Thursday, January 28, 2016

Cushioning the victims of global trends

There are atleast three drivers of displacement of people from the labor market - technology, free trade and globalization, and immigration. All three also have the effect of depressing wages, widening inequality, and fostering social and political discontent. 

But conventional wisdom and orthodoxy advocate unambiguous support for such policies. Their arguments are based on the view that the aggregate effect of these forces are a net positive. While this may be so, it cannot be denied that all of them creates losers in addition to winners. In the circumstances, it is facile, even disingenuous, to argue in favor of free-trade without complementary policies that compensate the losers or at the least mitigate their suffering. A generous and robust social safety net is one of the primary requirements to cushion the losers against these trends and proceed ahead with them. 

It is in this context that Steve Rattner makes the moral and political case for compensating the losers of globalization. While the US loses manufacturing jobs, its consumers benefit by way of cheaper imports and greater disposable incomes. 
A similar challenge is faced by European countries as they grapple with hordes of immigrants fleeing the civil war in the Middle East. The spectre of immigrants displacing locals, especially in lower skilled jobs, looms large.
Much the same applies to embrace of technology. In all these cases, the concerns of those likely losers cannot be simply brushed aside on ideological and humanitarian (to refugees) grounds. Unfortunately, as Martin Wolf writes, the politics of the elites on both sides of the spectrum miss this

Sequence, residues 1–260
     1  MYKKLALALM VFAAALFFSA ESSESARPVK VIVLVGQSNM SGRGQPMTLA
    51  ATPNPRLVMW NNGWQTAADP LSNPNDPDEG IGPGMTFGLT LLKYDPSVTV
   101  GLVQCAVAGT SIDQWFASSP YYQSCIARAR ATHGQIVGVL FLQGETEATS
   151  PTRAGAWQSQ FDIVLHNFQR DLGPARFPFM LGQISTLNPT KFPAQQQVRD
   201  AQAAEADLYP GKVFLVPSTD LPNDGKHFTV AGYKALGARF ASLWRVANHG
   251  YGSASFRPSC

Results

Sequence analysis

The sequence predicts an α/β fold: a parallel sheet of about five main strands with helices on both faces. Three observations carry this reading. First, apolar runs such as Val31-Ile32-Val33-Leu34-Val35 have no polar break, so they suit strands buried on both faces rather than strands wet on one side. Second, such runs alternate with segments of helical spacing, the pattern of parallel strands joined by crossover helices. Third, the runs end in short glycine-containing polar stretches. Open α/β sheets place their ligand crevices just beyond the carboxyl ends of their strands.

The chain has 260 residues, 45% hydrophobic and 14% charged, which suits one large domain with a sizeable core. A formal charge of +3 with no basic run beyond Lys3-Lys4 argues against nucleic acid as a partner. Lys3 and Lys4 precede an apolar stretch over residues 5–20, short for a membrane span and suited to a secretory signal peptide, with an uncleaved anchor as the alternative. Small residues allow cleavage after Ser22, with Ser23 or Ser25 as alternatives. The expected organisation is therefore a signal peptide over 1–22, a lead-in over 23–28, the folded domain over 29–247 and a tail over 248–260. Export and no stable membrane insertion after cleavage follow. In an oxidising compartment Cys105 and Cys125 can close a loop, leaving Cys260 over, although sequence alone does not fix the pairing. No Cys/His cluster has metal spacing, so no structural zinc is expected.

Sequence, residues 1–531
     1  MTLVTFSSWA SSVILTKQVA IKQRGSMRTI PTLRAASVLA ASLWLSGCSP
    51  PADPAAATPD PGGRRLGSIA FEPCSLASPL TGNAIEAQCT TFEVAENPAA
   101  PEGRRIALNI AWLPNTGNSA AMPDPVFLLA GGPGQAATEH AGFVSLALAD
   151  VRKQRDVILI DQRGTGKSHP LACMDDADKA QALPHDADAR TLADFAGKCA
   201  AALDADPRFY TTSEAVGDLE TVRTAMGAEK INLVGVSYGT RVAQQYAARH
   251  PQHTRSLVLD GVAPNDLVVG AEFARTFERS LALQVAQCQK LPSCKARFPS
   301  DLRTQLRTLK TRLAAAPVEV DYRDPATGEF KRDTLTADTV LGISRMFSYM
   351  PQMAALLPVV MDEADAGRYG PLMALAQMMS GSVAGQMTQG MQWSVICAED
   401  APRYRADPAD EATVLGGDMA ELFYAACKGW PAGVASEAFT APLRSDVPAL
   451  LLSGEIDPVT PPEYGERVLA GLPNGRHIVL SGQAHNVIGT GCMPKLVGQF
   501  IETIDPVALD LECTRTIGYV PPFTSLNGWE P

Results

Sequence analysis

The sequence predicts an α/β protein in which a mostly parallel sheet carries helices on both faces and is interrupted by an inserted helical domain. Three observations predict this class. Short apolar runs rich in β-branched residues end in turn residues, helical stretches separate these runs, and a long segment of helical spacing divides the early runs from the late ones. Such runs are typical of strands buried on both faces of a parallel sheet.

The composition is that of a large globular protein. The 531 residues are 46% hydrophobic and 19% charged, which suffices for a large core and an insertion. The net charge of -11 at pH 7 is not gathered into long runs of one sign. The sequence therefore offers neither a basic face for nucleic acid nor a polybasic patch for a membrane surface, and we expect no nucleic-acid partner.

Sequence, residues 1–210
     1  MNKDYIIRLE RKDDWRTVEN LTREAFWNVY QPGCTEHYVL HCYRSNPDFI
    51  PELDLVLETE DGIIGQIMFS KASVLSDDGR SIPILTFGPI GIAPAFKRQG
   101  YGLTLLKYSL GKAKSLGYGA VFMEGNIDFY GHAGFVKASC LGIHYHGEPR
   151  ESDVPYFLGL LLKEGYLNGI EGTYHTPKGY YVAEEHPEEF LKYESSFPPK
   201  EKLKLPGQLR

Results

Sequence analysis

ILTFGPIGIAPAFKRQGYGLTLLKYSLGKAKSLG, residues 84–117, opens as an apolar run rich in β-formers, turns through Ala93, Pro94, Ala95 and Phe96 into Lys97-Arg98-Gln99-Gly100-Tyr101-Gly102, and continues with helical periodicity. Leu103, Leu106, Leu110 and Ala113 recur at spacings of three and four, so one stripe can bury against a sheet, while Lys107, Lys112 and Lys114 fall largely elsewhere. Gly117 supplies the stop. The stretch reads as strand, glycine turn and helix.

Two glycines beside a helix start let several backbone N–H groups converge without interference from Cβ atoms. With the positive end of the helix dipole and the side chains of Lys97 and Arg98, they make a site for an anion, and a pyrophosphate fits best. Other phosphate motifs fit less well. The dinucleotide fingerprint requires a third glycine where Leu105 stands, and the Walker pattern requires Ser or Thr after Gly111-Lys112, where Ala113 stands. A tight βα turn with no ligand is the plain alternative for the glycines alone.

The projects of the rightwing elite have long been low marginal tax rates, liberal immigration, globalisation, curbs on costly “entitlement programmes”, deregulated labour markets and maximisation of shareholder value. The projects of the leftwing elite have been liberal immigration (again), multiculturalism, secularism, diversity, choice on abortion, and racial and gender equality. 
I am inclined to the opinion that the political leaders have been ill-served by thought leaders and opinion makers in addressing such challenges. The latter have let their ideological predilections cloud their judgements. Instead, a prudent appraisal of the outcomes of these trends would have led to the advocacy of a more nuanced approach towards them. In its absence, the ideological space has been occupied by extremist political ideologues who peddle protectionist, anti-immigrat, and neo-Luddite policies, all of which corrode the country's social and political fabric. 

Tuesday, January 26, 2016

Make for India?

Sometime back I had blogged highlighting the differences between making in India (for external markets) and making for India. In this context, a Project Syndicate article, which points to the possibility of China emerging as a global innovation hub, highlights the point,
Chinese companies have prospered in customer-focused industries because they have learned to tailor their goods to the needs of their country’s emerging consumer class. Whereas Chinese companies used to focus on designing products that were “good enough” – not quite matching the standard of Western products, but offering huge cost savings – they are now out to create products that are cheaper and better, in order to satisfy wealthier consumers. The sheer size of China’s market – comprising more than 100 million mainstream consumer households – also helps, as it enables companies to commercialize new ideas rapidly and on a large scale.
As numerous studies - SECC, Credit Suisse, Pew, and the government's own income tax database - show, India simply does not have a large enough, less price sensitive domestic consumer class that can sustain learning by doing involving world-class innovation. Given this country's narrow and deeply price-sensitive consumer base, that vast majority of manufacturing has to be stripped-down, less-than-world-class, and frugal to be competitive enough for the domestic market. In the circumstances, in the medium-term, even with the headwinds of competition from Chinese exports and weak domestic manufacturing competitiveness, a more realistic approach would be to promote making for India.